All things considered, Mumorpugers are one of the most paradoxical of all game styles in that they present interesting worlds to explore and shape (to an extent), but simultaneously, they have possibly the least satisfying gameplay of the generation. This is why recent and upcoming titles such as Guild Wars 2 and The Old Republic and others are attempting to bring some much need shake-ups to the genre. If one were to be callous and refer to World of Warcraft as the gold standard of MMO’s, then said standard is slowly depreciating. New contenders for the position of king of the MMO hill are already queued up, and even though City of Steam is only in pre-alpha, there is plenty to appreciate already.
City of Steam is, most notably, browser-based – very unusual for an MMO, given the massive amounts of data needed to render whole cities and countrysides. Running City of Steam only requires a mainstream browser that can run the Unity plugin and having done this on several computers myself, I must say that it’s somewhat necessary to have a competent PC and a good internet connection if you want it to run faster than 12 frames per second. Optimization aside, the world of the Nexus is the most appreciable thing.
Instead of resting on a planet, the world of City of Steam is a giant clockwork mechanism hovering in space. This fact combined with the title made it more than apparent that the visual theme of the game is steampunk fantasy and is only reinforced by steam being the primary resource for characters instead of the more typical mana. Bridging the gap between steampunk and more Tolkienesque fantasy are the character races, of which there are nine to choose from divided into four distinct groups: humans, two groups of elves and three “greenskins,” meaning orcs, goblins, and the peculiarly names “hobbes,” which are basically trolls.
After choosing a race and customising your character a little, picking a class is the next step, and thankfully there are no racial restrictions on class, although certain races don’t play certain roles well due to stat advantages and disadvantages. Knowing this, the opportunity for meta-gaming certainly exists if you want to roll an Aven Arcanist. Four classes exist as of now, those being Channeler (Priest/Shaman), Warder (Tank), Gunner (Ranged Damage), and Arcanist (Magic Damage). Within each class there are specializations to explore, whether it be for a specific type of magic or weapon, so there is some depth to character building, thankfully.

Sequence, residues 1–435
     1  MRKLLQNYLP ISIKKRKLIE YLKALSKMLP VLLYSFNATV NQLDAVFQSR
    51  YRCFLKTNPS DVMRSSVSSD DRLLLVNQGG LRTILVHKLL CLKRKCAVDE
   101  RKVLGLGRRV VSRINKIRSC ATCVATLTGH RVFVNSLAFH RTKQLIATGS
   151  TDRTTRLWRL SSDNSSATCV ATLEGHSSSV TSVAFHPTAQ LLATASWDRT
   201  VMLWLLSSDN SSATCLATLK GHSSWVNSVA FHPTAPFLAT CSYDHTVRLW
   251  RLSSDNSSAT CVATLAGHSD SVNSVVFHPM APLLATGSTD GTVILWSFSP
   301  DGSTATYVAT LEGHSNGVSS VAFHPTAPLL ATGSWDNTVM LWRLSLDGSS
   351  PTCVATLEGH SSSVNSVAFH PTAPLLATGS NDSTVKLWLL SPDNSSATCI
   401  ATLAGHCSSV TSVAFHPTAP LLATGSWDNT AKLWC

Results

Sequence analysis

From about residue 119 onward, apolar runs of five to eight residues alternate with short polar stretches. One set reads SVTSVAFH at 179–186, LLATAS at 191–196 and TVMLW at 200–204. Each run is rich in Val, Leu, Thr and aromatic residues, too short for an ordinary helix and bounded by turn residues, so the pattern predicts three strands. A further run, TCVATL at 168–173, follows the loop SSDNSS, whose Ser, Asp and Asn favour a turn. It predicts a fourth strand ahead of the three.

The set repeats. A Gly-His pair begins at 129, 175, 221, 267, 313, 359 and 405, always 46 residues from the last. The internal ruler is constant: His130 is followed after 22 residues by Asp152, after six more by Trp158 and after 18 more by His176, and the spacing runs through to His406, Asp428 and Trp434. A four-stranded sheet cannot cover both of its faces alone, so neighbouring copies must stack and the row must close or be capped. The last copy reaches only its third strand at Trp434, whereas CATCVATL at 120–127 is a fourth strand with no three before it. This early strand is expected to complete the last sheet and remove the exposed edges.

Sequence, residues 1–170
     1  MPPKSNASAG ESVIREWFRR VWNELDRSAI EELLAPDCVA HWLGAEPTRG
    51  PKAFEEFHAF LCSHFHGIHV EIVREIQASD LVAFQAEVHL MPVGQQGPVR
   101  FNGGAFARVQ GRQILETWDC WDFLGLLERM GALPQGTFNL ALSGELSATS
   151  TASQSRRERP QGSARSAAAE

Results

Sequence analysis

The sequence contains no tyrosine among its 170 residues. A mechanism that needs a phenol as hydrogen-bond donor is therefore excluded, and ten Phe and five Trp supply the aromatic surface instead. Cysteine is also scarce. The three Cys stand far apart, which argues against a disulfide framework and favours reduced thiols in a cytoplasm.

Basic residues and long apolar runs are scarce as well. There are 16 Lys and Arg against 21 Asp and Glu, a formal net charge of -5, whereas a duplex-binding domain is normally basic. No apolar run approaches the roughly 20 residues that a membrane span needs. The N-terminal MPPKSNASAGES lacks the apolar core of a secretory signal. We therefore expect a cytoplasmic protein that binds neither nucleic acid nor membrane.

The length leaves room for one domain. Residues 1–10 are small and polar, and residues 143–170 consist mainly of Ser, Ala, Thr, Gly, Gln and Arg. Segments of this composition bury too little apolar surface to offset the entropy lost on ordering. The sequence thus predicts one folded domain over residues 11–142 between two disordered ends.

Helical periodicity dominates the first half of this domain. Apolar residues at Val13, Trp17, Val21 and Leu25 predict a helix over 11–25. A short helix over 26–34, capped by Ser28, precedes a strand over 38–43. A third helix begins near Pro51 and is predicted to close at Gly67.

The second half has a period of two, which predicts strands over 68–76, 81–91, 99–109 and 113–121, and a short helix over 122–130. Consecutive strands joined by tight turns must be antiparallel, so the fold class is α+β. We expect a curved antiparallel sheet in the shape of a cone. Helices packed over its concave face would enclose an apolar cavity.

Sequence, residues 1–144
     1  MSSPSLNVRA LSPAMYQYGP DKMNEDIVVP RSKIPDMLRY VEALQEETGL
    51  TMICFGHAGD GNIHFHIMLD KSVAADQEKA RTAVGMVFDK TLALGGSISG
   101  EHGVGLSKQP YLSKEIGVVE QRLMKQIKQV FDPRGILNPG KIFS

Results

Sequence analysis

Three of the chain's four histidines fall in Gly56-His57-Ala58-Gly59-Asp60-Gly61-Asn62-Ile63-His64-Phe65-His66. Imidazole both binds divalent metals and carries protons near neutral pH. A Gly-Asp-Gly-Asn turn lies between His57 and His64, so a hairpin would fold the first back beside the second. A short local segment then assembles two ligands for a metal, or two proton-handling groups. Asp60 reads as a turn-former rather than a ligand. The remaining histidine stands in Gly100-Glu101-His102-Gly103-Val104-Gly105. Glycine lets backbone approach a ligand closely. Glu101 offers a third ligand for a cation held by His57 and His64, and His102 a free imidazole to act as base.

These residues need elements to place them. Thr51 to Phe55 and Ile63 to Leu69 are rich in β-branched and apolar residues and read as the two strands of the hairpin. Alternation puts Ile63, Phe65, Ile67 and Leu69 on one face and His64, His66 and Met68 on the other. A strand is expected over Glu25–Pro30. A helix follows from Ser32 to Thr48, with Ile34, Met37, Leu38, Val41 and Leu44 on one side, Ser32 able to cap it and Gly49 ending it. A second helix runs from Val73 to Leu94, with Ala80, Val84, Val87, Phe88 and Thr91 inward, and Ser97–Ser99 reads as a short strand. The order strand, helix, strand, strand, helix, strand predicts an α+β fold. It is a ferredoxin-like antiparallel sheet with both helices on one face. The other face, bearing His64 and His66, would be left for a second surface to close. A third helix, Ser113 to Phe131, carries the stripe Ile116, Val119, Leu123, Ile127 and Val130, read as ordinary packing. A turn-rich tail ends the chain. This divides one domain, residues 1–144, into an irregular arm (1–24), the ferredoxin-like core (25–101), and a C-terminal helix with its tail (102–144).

Upon entering the Nexus, the typical MMO experience commences. Quests, shops, dungeons, a bit of lore and that’s it. As an experience, one could get almost exactly the same thing from many different games, albeit with different wallpaper. To its credit, City of Steam already has a lot going for it considering its early stage of development. Here’s hoping that more content can be added before the beta stage comes around, since what’s on display is perfectly adequate, but not exceptional.
Since there is a huge list of free MMO’s both in development and currently available, then one could be forgiven for taking the dive into any of the ones that already exist rather than wait for a particular one to reach the market, since the vast majority seem to have comparable mechanics, difficulty curves, progression, and gameplay. If anything, City of Steam desperately needs some more additions on top of the traditional formula if Mechanist Games hopes to corner the market. With that in mind, the world of City of Steam is intriguing and the mechanics seem solid, so keep your fingers crossed.